It was the second week of September 2008, and we were two days from getting slammed by Hurricane Ike on the upper Texas coast. I knew the devastation and misfortune for some would be horrendous; but I also knew the long hours I would be working and the paycheck that would follow would be my ticket to my dream trip –Alaska.
As soon as things normalized somewhat, I made the call to Captain Tim Bouchard of Alaska Wildfowl Adventures for my trip of a lifetime. Follow me as I recount my adventure that took me 4,200 miles away from my home.
If you’re an outdoorsman/woman, Alaska just has to appeal to you. Ever since I was old enough to realize what the world had to offer, Alaska has been on the radar. Anything about Alaska on television, the internet, or hidden in the pages of a magazine or book has caught my attention. I’m attracted to the diverse terrain and the fish and wildlife that inhabit it.
Anybody who says everything is bigger in Texas has never been to Alaska! It has more than 34,000 miles of coastline, and the tundra alone covers more than 180,000 square miles. One statistic that really hits close to the heart for me is the number of wetlands in Alaska; there are more than 175 million acres. From what I’ve learned over the years about this country’s wetlands, those acres are more than 2/3 of all the remaining wetlands in the U.S. To put it all in perspective, if you cut Alaska in half, Texas would still only be the third largest state. I wanted to see, touch and smell every bit of it!
When the day arrived for me to board my flight, I was at peace. We had made it through another Atlantic hurricane season without even a “blip” showing up on the radar. The tension of trying to pack my waterfowl gear within the weight guidelines of Alaska Airlines had finally subsided. Like most duck and goose hunters, I have a love for gear, and the more, the merrier. But I eventually managed to get it narrowed down, and that magical day for me to leave for the “Great Land” had arrived.
The flight to Alaska was absolutely one of the roughest flights I’ve ever been on. But, finally, around 10:30 pm that night, we landed in Anchorage. From the terminal to the baggage pick up, the Ted Stevens Anchorage International Airport is loaded with mounts of wild game and birds known commonly to Alaska. I had to walk up and see every last one. With my backpack on and gear bag strapped to my rolling gun case, I headed out to find my hotel shuttle. As I opened the door and felt the 50-60 mile cold gusts of wind, I knew I was finally in Alaska.
The next day, I hopped on a prop plane for a quick 30-minute flight from Anchorage to Valdez. It was an absolutely awesome day—cool, crisp and very sunny. I didn’t realize how beautiful Alaska was until I had a bird’s eye view. I also came to learn how fortunate I was to have had nice weather for my daytime flight. Apparently, it’s a rare occurrence on the rugged Alaskan coastline to have non-cloudy weather. I noticed a gentleman behind me had a very expensive camera and, by the sound of the clicking, he was snapping hundreds of pictures. He stopped briefly and said, “I make this flight weekly and maybe 1 out of 25 will have weather clear enough to take pictures.” The chips were falling into place for me on my maiden voyage.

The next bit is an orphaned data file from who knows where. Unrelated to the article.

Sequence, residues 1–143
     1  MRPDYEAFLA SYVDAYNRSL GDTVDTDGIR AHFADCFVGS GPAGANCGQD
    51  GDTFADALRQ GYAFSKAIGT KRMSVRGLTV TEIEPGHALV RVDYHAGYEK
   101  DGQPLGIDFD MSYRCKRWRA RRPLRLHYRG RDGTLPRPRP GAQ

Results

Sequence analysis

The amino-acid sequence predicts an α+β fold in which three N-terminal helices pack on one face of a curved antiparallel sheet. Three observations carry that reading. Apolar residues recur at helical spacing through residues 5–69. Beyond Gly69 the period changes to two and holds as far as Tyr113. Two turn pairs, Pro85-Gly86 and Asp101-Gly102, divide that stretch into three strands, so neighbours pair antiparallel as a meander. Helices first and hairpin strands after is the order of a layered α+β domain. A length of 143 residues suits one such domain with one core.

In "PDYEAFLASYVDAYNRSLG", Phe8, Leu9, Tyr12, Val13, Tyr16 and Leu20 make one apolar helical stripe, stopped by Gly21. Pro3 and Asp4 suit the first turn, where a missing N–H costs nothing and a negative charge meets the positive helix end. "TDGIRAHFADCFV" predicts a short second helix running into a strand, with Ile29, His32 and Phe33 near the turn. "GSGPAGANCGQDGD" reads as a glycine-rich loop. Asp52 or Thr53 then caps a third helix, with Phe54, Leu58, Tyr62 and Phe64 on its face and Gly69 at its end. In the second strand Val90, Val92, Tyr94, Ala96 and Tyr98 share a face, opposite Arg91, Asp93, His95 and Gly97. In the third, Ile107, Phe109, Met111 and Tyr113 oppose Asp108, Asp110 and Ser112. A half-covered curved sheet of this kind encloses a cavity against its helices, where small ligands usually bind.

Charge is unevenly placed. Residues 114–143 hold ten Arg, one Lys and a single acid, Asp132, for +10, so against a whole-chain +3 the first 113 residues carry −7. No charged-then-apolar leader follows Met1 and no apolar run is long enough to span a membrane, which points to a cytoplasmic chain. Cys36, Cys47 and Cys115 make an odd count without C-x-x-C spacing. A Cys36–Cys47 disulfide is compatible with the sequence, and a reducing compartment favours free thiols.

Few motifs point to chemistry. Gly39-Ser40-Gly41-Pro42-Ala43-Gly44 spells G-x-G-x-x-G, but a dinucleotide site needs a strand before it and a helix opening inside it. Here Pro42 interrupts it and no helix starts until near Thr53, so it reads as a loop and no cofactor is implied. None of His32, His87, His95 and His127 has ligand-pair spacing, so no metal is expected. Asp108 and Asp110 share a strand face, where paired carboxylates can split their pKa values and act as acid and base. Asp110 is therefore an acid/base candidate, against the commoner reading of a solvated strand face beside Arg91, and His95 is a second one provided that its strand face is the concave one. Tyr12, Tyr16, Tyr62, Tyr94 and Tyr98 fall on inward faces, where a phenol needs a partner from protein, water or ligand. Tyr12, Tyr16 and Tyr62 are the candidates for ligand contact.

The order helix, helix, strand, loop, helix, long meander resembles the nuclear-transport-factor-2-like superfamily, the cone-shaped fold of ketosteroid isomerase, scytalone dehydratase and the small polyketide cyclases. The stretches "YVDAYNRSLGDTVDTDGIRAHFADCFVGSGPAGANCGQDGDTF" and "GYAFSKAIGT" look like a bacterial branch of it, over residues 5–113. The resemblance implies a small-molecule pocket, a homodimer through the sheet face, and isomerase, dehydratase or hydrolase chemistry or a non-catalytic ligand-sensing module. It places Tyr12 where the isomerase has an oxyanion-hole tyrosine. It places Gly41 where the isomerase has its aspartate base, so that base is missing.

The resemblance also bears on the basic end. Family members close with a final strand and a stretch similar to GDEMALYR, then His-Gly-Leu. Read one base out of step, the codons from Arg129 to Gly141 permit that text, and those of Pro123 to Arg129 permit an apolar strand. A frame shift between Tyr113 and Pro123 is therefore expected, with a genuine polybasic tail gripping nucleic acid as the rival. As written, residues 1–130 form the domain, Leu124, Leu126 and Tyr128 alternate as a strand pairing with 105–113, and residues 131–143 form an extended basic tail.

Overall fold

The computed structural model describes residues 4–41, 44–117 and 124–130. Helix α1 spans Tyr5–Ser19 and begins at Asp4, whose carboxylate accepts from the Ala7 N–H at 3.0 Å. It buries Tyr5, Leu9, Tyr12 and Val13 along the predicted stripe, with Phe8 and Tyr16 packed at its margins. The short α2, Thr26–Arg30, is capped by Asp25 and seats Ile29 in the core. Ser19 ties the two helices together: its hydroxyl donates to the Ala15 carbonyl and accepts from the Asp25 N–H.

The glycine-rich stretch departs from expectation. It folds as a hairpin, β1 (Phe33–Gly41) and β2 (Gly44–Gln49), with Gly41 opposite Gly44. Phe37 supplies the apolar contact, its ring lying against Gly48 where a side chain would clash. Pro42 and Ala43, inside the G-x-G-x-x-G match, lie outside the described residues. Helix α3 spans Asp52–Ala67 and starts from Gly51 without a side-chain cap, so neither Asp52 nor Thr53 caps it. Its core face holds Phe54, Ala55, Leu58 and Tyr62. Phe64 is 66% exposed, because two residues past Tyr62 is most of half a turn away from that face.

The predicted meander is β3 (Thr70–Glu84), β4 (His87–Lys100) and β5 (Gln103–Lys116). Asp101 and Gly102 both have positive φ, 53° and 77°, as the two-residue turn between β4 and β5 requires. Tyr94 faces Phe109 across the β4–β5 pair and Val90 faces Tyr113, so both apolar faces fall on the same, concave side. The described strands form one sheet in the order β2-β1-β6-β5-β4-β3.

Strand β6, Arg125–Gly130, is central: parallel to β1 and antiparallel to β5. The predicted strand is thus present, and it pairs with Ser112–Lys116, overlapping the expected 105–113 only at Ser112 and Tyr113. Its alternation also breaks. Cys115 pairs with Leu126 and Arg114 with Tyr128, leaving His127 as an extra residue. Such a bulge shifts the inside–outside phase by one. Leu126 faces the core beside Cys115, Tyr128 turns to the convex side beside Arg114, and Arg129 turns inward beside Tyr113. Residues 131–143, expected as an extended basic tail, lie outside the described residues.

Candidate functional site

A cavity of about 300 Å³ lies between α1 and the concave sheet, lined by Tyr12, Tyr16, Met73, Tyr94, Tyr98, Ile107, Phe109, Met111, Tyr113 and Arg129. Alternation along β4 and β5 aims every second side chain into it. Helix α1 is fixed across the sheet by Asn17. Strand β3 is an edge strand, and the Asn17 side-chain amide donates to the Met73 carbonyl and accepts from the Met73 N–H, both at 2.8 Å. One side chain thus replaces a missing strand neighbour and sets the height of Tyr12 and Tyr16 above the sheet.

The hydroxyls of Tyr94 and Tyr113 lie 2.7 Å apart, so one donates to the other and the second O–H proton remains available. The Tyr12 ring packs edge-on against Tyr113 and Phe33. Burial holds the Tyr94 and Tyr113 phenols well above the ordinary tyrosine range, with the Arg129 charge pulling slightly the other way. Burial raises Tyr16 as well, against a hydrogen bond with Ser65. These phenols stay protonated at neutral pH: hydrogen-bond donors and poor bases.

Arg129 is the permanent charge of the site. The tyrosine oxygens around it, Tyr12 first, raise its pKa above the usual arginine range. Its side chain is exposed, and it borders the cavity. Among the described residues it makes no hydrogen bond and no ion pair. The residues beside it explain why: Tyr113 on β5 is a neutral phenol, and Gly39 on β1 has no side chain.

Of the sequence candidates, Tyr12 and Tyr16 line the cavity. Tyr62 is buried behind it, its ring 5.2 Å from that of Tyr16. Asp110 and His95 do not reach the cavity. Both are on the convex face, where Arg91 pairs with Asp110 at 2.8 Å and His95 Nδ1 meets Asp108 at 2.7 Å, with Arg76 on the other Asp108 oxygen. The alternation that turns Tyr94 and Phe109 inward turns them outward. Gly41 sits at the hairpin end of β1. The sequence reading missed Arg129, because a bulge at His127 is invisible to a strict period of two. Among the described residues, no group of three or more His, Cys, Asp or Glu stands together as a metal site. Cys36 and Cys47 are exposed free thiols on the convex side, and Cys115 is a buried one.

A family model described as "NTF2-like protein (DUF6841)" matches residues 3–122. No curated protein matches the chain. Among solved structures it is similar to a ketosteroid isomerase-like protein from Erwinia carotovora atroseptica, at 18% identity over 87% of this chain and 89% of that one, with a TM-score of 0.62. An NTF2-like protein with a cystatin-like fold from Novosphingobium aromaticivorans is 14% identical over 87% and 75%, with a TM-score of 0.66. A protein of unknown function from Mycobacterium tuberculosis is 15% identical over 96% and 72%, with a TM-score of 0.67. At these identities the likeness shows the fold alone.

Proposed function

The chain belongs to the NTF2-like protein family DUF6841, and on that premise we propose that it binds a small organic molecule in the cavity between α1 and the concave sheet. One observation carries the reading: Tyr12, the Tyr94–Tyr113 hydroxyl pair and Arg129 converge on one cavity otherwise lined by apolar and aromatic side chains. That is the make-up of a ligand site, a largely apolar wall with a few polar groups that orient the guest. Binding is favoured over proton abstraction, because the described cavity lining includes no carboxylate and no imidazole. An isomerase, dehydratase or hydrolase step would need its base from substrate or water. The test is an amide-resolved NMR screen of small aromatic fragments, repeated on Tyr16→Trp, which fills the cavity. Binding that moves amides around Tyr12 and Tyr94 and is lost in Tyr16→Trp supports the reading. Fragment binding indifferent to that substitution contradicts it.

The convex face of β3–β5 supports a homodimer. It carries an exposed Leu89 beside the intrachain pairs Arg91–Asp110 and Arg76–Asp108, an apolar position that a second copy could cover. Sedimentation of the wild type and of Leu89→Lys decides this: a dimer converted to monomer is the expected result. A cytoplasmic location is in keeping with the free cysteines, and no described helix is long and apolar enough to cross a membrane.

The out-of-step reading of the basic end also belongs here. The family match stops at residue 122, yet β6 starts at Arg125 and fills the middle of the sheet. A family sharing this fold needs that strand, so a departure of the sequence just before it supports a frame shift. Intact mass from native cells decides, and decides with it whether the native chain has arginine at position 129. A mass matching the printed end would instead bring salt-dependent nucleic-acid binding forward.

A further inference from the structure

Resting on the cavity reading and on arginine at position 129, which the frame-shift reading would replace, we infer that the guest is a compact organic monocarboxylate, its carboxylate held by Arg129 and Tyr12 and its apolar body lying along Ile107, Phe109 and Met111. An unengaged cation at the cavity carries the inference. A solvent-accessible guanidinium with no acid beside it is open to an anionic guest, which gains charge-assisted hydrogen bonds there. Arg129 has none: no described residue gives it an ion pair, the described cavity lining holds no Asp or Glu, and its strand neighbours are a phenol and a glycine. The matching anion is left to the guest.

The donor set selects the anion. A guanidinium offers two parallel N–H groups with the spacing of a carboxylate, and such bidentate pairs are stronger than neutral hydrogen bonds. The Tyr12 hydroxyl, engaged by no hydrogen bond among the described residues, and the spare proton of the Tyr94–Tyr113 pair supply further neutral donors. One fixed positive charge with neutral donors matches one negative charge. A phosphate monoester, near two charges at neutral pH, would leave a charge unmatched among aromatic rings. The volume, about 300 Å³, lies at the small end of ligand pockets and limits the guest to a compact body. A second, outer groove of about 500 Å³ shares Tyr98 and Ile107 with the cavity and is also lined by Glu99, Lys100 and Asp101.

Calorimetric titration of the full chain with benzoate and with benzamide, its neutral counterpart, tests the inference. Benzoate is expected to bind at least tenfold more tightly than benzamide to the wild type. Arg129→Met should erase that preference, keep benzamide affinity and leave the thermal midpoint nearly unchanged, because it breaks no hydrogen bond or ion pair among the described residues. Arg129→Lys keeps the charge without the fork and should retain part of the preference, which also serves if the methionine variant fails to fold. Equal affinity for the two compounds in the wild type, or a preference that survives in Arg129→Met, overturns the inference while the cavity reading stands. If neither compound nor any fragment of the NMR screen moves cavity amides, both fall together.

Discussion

We passed a series of glaciers called the “College” glaciers in which all are named after universities. I could clearly see the outline of each one, and I knew there was something magical about this place. I assumed the man taking pictures worked in some oil related business flying in and out of Valdez, so I asked him. He explained that he was a Catholic priest, and the area was a part of his diocese. He traveled up and down the coastline and down through the Aleutians doing his duties within the church. He really caught my attention when he said he was returning from being a part of the “blessing of the crab fleet” in Unalaska at Dutch Harbor.
He had no clue about my fascination with Alaskan crab boats and fishing. I’m probably one of the most rabid “Deadliest Catch” fans the show has ever had. Before the end of the flight, I turned to the priest and asked if he would bless my handmade cross constructed of horse shoe nails and wrapped in red, white and blue wire. It’s something I wear in support of our troops. To tie in that cross, the famous king crab fleet and our troops, while being blessed in flight over Alaska was an absolute honor for me.
If there’s a more scenic place to gun waterfowl than Prince William Sound, someone has to prove it to me. Valdez is the center of all activity for Prince William Sound. It’s a small town roughly an hour from Anchorage if you fly directly over Prince William Sound. And if you want to drive it, it’s an astounding 6 hours because you have to go north and then back down south.
Famous for its history with the Klondike Gold Rush of the late 1800s, fur trading and salmon canneries, and the end of the famous Alaskan Pipeline, I found Valdez to be a neat place to hang out for a few days. The area is abundant with wildlife and marine life. I saw sea otters, river otters, porpoise, harbor seals, sea lions and Humpback and Orca whales. The one stunning creature I was most often was the bald eagle. There were hundreds or even thousands of them, and they’re the most impressive birds I had ever seen. Whoever chose the bald eagle as a symbol of the United States knew exactly what he or she was doing.
We saw a lot of wildlife, but if Alaska has a staple creature, it has to be salmon. Everything wild benefits from salmon. When they spawn, not only do they leave thousands of eggs for other wildlife to eat, they themselves die, and their carcasses are fair game for eagles, bears and other species. I was there to hunt sea ducks, but hunting isn’t allowed in town, so mallards pile into this tidal affected marsh and gorge on salmon eggs. Captain Tim said they smell and taste so bad it makes a merganser equal in taste to a well fed wood duck loaded with acorns!